“You’ve got the job!”
The buzz that comes from hearing those words can’t be denied but, for many of us, that initial euphoria is often replaced with fear.
Whether you’re recently qualified or an experienced hand, learning the ‘rules’ of a new workplace can be daunting. Having confidence in your own ability is one thing but your new workplace will have acceptable patterns, codes, routines to which you are not privy…yet.
How quickly you grasp the workplace culture and the professional (and social) expectations will dictate how comfortably you’ll fit in and how well you will succeed in your new role.
As a new hire, you should be inducted through comprehensive onboarding. Good companies know the value of doing this well, but others are notoriously bad at providing orientation programs. Some might corral a current employee to give a cursory meet, greet and tour of the facilities or, worse still, leave the new employees entirely to their own devices. The new hire is unlikely to learn much in either of these scenarios which are guaranteed to increase rather than diffuse anxiety.
So, while it is the company’s responsibility to help you assimilate, you can do much to get onboard and demonstrate your potential from the outset.
Remember what you promised in your interview.
Don’t reinvent yourself as someone else just to please. You sold your employers a vision of your brand. What was it? A respectful, diligent, professional employee qualified to do the job? A go-getter with original ideas? Aim to deliver on that promise from day 1.
Demonstrate good time management and organisation.
This isn’t solely to impress your employer (though it undoubtedly will) but for your own sanity. When projects pile up and the pressure is on, a well-practised schedule of goal setting and prioritising will help you avoid pressure situations.
Don’t impose your ideas or expectations too soon. Give yourself time to get to know people and allow them time to see you in action. If you work well, they will be much more responsive to later demands.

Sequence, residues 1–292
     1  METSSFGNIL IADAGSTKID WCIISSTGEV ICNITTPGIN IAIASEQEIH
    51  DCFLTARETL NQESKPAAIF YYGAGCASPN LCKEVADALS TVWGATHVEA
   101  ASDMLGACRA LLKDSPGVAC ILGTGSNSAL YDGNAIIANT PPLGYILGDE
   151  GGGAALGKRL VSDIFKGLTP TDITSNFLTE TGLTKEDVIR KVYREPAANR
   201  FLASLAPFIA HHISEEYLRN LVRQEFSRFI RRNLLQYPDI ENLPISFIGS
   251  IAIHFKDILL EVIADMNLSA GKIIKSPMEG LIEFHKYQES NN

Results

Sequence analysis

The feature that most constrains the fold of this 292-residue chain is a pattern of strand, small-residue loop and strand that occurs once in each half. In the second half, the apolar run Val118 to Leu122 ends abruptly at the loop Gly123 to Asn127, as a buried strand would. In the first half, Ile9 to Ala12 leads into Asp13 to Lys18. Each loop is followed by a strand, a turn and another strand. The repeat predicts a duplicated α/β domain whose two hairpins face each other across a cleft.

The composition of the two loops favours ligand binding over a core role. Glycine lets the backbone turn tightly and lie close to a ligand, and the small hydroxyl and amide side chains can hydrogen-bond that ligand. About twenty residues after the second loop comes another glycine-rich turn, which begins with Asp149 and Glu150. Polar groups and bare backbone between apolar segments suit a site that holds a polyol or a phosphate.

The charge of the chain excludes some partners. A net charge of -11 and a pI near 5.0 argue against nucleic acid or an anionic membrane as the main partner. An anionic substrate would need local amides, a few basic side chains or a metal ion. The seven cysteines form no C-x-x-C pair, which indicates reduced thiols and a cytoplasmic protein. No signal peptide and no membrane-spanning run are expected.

While remaining friendly, ‘get the lie of the land’. Avoid becoming embroiled in unhealthy cliques or workplace gossip which can quickly become toxic. For new hires, there is often the temptation to fall for this as a way of joining in, but it pays to be watchful first. Minding your own business isn’t a bad mantra so long as you don’t ignore unsafe or unethical practices or behaviour.
Ask questions judiciously and listen well to the answers.
For new hires, it’s perfectly natural that you will need information or clarification. Aim to ask the most competent source and listen carefully to the answer so you don’t have to ask again. Choose your moment so there’s time to engage with your source. Most people are flattered when asked for help but only if it doesn’t interrupt their own work.
Practise being respectfully assertive.
Aiming to please by always saying ‘yes’ quickly backfires, so learn to say ‘no’ effectively. Provide valid reasons for saying no to additional tasks that exceed your job’s scope. Offer alternative ways of getting the task done or negotiate more realistic completion dates. When time allows, help out colleagues but don’t allow yourself to become a ‘doormat’.
Finally, when you have learnt the ropes and become part of the establishment, it might be worthwhile suggesting that onboarding future employees should become a focus for development!